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THE CATSKILL GEOLOGISTS BY PROFESSORS ROBERT AND JOHANNA TITUS - A story along the Highway

Written By The Mountain Eagle on 2/2/24 | 2/2/24

All your life you have been driving past rock outcroppings. How many times, if ever, have you taken any real notice of them? Well, why should you; they are just rocks, aren’t they? Perhaps, if you have been reading our columns, this has changed; maybe you have been taking notice. We hope so. It isn’t just being able to identify rock types; sometimes there are things that can be pondered, ideas that deserve real thought, even deep thought.

We pondered these notions recently when we passed an outcrop along Rte. 23 where it crosses over the Jefferson Heights Road (Rte. 23A) just west of Catskill. Take a look at our photo. That’s a pretty dull looking pile of rocks, isn’t it. It’s just a gray sequence of stratified rock. What is it that geologists find so interesting in such things? Well – plenty of things. A geologist would first ask what kind of rock is it. Any experienced geologist would immediatel recognize it as a limestone. That would conjure up all sorts of images of the sparkling blue waters of a very ancient shallow tropical sea. This one is the Helderberg Limestone, named for the Helderberg Mountains where these rocks are so common. Once, about 400 million years ago, there was a tropical sea – right there. You can’t help but look around and envision those images.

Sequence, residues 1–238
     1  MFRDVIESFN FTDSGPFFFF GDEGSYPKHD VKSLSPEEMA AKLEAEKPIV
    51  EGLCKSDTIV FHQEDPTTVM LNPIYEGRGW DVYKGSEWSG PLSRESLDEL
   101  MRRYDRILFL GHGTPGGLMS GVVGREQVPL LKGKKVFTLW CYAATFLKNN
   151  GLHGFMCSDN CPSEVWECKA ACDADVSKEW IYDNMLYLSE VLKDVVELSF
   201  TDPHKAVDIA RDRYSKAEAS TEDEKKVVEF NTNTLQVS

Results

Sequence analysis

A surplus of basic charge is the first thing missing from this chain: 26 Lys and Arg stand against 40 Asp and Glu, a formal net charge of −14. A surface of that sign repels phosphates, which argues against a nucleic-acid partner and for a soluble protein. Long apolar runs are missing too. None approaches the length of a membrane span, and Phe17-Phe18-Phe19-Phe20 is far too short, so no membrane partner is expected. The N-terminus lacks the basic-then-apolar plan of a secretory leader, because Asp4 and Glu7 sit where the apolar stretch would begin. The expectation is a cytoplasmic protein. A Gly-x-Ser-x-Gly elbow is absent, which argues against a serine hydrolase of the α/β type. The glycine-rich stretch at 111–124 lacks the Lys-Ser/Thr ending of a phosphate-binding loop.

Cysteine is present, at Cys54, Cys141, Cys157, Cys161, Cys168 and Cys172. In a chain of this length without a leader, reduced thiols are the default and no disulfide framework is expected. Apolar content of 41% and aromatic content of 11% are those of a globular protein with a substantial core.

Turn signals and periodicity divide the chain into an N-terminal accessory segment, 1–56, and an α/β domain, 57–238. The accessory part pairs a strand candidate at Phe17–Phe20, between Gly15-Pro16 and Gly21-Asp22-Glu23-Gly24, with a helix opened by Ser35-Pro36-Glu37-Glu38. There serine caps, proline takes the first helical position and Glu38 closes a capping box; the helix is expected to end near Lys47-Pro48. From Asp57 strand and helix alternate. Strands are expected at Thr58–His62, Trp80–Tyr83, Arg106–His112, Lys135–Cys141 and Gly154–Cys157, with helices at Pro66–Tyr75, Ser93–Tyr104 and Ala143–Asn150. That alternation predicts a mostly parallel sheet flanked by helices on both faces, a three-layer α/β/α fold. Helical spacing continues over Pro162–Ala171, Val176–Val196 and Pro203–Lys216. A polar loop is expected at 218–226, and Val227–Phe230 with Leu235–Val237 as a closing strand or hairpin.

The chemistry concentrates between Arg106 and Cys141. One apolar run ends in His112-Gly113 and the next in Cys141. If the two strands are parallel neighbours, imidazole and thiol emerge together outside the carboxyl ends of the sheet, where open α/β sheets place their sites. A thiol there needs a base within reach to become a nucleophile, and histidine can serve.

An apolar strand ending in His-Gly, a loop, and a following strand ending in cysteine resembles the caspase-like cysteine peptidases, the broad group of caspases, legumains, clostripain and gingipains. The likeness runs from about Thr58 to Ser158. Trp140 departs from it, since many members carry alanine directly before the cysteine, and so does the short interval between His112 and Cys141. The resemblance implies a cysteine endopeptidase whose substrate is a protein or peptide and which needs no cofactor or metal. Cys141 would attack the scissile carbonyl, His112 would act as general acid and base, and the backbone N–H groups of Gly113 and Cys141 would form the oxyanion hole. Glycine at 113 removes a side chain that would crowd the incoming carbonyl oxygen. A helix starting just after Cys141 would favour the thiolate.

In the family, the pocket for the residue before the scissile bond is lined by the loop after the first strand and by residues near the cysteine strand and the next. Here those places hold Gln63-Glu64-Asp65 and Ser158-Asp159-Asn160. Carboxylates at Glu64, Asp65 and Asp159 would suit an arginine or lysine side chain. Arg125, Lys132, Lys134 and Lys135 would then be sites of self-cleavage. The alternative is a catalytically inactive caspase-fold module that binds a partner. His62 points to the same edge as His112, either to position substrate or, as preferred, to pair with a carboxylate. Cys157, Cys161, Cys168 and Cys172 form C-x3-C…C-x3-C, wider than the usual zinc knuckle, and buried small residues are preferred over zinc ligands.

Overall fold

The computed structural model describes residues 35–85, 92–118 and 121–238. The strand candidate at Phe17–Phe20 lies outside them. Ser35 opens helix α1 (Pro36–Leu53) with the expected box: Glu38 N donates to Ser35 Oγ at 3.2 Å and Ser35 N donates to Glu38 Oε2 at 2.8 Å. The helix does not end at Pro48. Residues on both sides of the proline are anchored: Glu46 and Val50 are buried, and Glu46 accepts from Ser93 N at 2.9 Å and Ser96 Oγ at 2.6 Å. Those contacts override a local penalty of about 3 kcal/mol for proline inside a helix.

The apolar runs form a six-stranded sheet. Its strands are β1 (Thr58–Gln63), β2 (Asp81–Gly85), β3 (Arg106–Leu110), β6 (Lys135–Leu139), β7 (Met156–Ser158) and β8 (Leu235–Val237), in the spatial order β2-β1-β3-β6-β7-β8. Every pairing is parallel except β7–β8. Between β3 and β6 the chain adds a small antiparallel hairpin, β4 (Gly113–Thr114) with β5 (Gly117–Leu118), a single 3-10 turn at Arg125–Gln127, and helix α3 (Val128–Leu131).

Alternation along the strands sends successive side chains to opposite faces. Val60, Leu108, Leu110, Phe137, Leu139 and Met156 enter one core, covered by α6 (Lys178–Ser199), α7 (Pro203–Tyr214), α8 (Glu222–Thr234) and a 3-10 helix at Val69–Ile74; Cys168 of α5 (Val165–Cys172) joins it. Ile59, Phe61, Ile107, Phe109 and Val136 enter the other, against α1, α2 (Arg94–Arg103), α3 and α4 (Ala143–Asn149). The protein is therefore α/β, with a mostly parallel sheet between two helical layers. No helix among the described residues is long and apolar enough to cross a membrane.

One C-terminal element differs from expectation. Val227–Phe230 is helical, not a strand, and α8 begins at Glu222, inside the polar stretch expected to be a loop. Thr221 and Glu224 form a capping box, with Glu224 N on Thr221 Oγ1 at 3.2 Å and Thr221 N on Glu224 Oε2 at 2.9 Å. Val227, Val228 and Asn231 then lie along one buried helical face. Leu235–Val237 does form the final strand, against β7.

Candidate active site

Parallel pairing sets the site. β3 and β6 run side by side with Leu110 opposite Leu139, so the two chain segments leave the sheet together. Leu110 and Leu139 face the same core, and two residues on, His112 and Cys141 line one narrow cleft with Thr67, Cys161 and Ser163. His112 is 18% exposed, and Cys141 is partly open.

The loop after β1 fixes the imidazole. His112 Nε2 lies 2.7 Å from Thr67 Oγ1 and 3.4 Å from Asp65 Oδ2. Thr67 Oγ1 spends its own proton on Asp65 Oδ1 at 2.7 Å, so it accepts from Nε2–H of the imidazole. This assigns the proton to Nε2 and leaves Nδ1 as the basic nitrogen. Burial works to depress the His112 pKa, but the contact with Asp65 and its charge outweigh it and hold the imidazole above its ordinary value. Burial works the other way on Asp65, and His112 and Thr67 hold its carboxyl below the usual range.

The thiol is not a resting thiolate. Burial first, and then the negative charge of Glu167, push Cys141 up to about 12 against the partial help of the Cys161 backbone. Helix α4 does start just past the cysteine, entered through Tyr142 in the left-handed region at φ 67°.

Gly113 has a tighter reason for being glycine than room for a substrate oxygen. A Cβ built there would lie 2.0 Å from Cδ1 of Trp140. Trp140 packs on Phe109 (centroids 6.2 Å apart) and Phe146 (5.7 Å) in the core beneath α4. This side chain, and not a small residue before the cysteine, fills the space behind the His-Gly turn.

But there is more, so much more. Those limestone strata are deformed; they are inclined to the right. They were actually physically tilted; we recognize that because we know that strata of all stratified sedimentary rock must have been originally deposited as horizontal sheets. Gravity spreads those sediments out into those sheets. If they are no longer horizontal, then something must have happened to them. 

And that something was mountain building. This location, once a shallow sea, experienced the effects of plate tectonics. Something big, quite likely a sizable piece of Europe, collided with North America. Now, that’s a thought, isn’t it? We geologists have gotten so used to swinging whole continents around – like baseball bats. We pick up one continent and then swing it until it slams it into another. The result, big surprise, is a compression of the rocks on the receiving end. One reaction to this is for those rocks to be folded, and that folding often produces just the sort of tilting that we see here.

These things are so simple to explain, but that gets us back to where we started. It’s so easy to just pass by a rock outcropping and take no notice of such things. Again, they are only rocks. But, then there is more; you can’t help but ponder who was it who first really noticed such things. And, who was it who first asked questions about them? And, most importantly, who first started to answer such questions? You must understand that these simple notions were once incredible feats of original thinking – of true intelligence. Fortunately, we do know who it was. History tells us that. Let’s pursue this next time.

Contact the authors at randjtitus@prodigy.net. Join their facebook page “The Catskill Geologist.” Read their blogs at “thecatskillgeologist.com.”


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